Emotional sporting triumphs are a signature of eventer Tina Cook's family history - and she may provide another poignant story this year.
The 41-year-old's father, Josh Gifford, famously nursed back to health frail racehorse Aldaniti to win the 1981 Grand National for jockey Bob Champion, who had recovered from cancer.
Gifford died of a heart attack in February, just five months before Cook hopes to go for Olympic equestrian gold on a horse who survived a life-threatening illness.
At the concluding charity race at the Cheltenham Festival on Thursday she won the St Patrick's Derby in aid of Cancer Research UK on her brother Nick Gifford's horse Pascha Bere.
Her participation was inspired by a wager struck with BBC presenter Rishi Persad, who dared her to ride in a race.
After securing victory by over a length from Worcester Royal Hospital staff nurse Lindsey Hunting on Wild Desert and Coolmore Stud employee Wendy Normile on Price Of Fire, Cook told the Racing Post: "It's absolutely brilliant. It's so exciting and a total thrill. I loved it.
"I came down the bottom of the hill and just started passing horses and I thought, 'let's go for it.'"
The mother-of-two admitted she had been subjected to some familial ribbing before her Cheltenham debut.
"They all took the mickey out of me at home saying 'don't fall off and don't get left at the start'," she said.
"It's all about Cheltenham today - the Olympics would be another dream. Huge amounts of money have been raised for a really good cause and there's been such a good team involved."
Cook won team and individual bronze for Great Britain on Miners Frolic at the 2008 Games in Beijing, but the horse developed a mystery illness a year before the 2012 Olympic equestrian event at Greenwich.
He had a lump on the side of his back, underneath where the saddle would be placed, and developed colitis which almost killed him after he reacted badly to a six-week course of antibiotics.
"He very nearly died and only 50% of horses survive it," said Cook, from Findon, West Sussex.
"My thoughts were with the horse and it was very upsetting. He was dying in such a horrible way and I had to accept my Olympics were over.
"One evening they said 'we have done all we can, it's cruel to keep him alive any longer'."
But after five blood transfusions and a week on drips in intensive care at the Arundel Equine Clinic, he survived.
"I don't know how he came back to health. I just think he is a fighter and it is one of those miracles that he pulled through. It was amazing how he put weight on so quickly," she said.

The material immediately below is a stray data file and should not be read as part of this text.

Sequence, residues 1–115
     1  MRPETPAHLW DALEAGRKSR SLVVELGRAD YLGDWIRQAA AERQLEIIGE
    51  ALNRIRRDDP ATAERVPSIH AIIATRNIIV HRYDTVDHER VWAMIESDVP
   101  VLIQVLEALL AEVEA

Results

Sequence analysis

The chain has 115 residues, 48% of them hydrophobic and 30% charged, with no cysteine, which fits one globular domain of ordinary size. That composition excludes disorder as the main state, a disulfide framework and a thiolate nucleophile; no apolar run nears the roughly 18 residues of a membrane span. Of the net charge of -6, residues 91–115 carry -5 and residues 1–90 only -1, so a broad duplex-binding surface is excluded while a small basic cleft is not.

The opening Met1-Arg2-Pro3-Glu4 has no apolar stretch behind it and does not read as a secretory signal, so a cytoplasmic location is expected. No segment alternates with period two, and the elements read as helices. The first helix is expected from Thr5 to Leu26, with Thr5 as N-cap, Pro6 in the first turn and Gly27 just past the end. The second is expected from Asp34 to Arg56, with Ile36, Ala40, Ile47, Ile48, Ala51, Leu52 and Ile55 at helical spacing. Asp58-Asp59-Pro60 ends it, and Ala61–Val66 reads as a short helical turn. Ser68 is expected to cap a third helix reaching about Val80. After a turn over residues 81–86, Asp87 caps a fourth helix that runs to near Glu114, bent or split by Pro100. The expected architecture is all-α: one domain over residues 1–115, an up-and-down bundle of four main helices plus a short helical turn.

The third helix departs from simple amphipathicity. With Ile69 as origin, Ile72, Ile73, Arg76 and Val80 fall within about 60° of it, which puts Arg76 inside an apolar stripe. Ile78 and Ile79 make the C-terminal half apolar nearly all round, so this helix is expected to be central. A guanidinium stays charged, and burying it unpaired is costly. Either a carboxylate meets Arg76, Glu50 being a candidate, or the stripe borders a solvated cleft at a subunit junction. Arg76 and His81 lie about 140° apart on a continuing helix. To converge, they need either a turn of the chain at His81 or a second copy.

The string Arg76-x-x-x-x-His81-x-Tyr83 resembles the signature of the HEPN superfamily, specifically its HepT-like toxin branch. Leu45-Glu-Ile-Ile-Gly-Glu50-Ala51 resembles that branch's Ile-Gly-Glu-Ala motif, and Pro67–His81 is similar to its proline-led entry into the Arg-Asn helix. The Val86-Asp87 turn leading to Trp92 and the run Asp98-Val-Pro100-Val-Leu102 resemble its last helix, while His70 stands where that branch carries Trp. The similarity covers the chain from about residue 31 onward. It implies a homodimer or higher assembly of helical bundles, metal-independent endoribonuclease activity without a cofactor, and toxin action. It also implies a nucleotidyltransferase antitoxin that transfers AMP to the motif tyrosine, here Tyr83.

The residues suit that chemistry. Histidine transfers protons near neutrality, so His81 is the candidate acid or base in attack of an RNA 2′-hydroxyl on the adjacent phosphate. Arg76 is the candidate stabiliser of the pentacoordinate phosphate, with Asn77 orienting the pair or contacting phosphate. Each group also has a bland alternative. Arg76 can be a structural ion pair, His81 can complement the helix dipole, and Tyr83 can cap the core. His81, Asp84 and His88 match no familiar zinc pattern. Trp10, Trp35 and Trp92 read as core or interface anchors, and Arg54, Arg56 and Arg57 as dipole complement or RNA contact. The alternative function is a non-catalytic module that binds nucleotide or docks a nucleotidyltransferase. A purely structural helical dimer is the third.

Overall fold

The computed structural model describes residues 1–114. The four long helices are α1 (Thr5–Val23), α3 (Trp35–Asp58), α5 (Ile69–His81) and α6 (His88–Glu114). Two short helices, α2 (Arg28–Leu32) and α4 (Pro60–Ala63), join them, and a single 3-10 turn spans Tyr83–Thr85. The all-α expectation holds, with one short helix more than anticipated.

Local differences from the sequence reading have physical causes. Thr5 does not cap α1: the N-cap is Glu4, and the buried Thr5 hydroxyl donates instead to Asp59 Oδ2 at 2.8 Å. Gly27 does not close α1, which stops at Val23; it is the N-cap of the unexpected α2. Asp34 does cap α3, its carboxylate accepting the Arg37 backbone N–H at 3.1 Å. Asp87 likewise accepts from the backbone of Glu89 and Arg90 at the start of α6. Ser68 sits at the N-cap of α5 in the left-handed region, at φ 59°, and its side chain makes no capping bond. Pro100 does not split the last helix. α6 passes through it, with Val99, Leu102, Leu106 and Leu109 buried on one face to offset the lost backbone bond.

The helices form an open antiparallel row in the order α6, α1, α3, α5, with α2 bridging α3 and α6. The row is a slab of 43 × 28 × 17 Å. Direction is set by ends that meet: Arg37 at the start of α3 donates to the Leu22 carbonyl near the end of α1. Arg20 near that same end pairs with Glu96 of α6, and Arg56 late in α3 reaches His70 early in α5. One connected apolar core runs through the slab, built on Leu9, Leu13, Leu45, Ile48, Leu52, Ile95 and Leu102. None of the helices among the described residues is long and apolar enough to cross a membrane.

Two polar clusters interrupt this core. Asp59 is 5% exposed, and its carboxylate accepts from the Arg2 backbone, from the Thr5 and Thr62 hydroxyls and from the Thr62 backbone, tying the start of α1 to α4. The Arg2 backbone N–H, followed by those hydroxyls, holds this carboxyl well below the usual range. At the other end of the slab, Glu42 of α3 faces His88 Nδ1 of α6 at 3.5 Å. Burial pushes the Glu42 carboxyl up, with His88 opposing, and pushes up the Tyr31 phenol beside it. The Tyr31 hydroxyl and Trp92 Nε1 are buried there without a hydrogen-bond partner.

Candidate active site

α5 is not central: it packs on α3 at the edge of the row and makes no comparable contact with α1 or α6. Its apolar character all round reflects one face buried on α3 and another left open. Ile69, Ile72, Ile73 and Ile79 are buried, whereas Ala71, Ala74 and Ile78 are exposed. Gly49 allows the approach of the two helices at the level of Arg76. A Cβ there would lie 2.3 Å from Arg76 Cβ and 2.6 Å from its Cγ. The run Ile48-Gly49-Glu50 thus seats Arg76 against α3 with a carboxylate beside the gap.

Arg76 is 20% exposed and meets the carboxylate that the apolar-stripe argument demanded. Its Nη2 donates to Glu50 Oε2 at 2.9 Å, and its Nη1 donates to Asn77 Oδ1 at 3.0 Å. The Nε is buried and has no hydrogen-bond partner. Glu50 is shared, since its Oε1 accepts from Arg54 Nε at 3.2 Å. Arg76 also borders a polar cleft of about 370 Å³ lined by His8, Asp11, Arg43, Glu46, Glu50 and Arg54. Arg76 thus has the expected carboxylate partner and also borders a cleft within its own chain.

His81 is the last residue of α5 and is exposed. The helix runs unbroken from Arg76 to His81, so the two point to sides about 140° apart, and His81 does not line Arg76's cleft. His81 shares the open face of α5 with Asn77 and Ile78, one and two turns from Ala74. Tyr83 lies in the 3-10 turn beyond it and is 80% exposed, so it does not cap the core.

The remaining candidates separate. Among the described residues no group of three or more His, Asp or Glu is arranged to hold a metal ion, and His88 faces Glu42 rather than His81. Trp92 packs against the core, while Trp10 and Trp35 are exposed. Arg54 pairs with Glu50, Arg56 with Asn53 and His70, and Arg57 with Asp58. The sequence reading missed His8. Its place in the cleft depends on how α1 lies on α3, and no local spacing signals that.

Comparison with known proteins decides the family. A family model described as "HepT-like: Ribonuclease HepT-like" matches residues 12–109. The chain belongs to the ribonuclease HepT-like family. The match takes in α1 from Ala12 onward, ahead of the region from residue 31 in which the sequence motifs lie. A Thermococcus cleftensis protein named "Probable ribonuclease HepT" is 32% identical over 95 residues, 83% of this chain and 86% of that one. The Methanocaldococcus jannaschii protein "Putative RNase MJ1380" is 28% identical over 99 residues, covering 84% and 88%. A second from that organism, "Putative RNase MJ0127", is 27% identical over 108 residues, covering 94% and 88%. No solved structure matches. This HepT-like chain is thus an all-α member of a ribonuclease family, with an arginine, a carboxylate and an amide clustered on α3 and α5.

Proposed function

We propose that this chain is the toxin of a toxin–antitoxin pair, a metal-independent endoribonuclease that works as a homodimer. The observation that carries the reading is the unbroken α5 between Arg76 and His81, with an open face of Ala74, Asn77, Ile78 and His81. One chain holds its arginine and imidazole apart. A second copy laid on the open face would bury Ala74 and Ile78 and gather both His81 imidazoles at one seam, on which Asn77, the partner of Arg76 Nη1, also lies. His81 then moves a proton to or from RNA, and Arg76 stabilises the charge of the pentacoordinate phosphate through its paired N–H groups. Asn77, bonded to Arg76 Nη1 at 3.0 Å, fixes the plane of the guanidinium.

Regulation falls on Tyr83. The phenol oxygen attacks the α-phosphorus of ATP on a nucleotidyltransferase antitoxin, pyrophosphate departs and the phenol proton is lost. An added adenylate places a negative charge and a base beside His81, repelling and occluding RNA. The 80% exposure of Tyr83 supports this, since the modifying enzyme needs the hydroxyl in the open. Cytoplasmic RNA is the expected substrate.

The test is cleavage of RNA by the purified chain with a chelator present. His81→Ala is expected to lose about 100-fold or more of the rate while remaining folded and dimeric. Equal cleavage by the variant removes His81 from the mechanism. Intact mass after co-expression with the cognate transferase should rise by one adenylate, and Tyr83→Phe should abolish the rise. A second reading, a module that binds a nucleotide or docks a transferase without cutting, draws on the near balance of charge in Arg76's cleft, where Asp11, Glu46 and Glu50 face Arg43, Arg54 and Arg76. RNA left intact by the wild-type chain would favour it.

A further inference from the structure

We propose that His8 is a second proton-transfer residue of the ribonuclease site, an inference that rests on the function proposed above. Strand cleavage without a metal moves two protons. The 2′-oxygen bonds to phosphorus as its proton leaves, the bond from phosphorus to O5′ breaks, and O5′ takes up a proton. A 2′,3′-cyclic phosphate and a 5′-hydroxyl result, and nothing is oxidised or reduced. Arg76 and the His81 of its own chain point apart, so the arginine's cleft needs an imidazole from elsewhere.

The 13-year-old gelding was nursed back to fitness and the pair's performance last month at Ireland's Ballindenisk horse trials, where they finished third, met Olympic qualification criteria.
Now it is down to the selectors whether Cook makes the five-strong British team, which will be named after the Chatsworth trials in May.
She will compete at Belton in Lincolnshire at the end of this month before skipping the Badminton event in early May in favour of Chatsworth.
"We're back in the mix, but I don't think Badminton is the right preparation for him," she said.
"It's a galloping track, fast and furious. Putting the horse under that pressure and then building him up again for the Olympics wouldn't be right."
Cook believes William Fox-Pitt is a certainty to be selected, and lists Mary King, Piggy French, Nicola Wilson, Pippa Funnell and Zara Phillips among other leading contenders for a place.
"There are probably eight or nine riders, all with experience at the top level, going for five places," she said.
It was a late injury to Phillips' horse in 2008 that let Cook in as a reserve after a series of Olympic disappointments.
A foot abcess ruled Cook's mount out of the 1996 Atlanta Games, she travelled to Sydney four years later as a reserve but did not compete, and just missed out on selection for Athens in 2004.
"Just because I won bronze four years ago, doesn't mean I automatically get a slot. You have to keep up your performances," said Cook.
"It's heartbreaking being a reserve because the only way you can compete is if someone else has a disaster."
Cook was very close to her father and they clearly held a mutual admiration.
"We are a very emotional family. He's passed it down and I know he was very proud of me in Beijing and I was very proud of what he achieved. He worked incredibly hard as a jockey and trainer," she said.
"I would love him to be here, but sadly he's not. I know he would want me to do as well as I can.
"I'm not thinking I need to do it because I would love Dad to be here watching. I have enough motivation anyway.
"It would be a dream come true to be there and anyone would miss one of their parents not being around."
Having savoured success at an Olympics once, Cook wants that feeling again.
"The emotion and adrenaline from winning the bronze was totally amazing. To come out with a medal as an underdog was unbelievable," she said.
"I would be intending to go to London with a chance of winning. I've got the experience, I've got the horse and I'd be going for gold, and a winner at Cheltenham along the way wouldn't do any harm."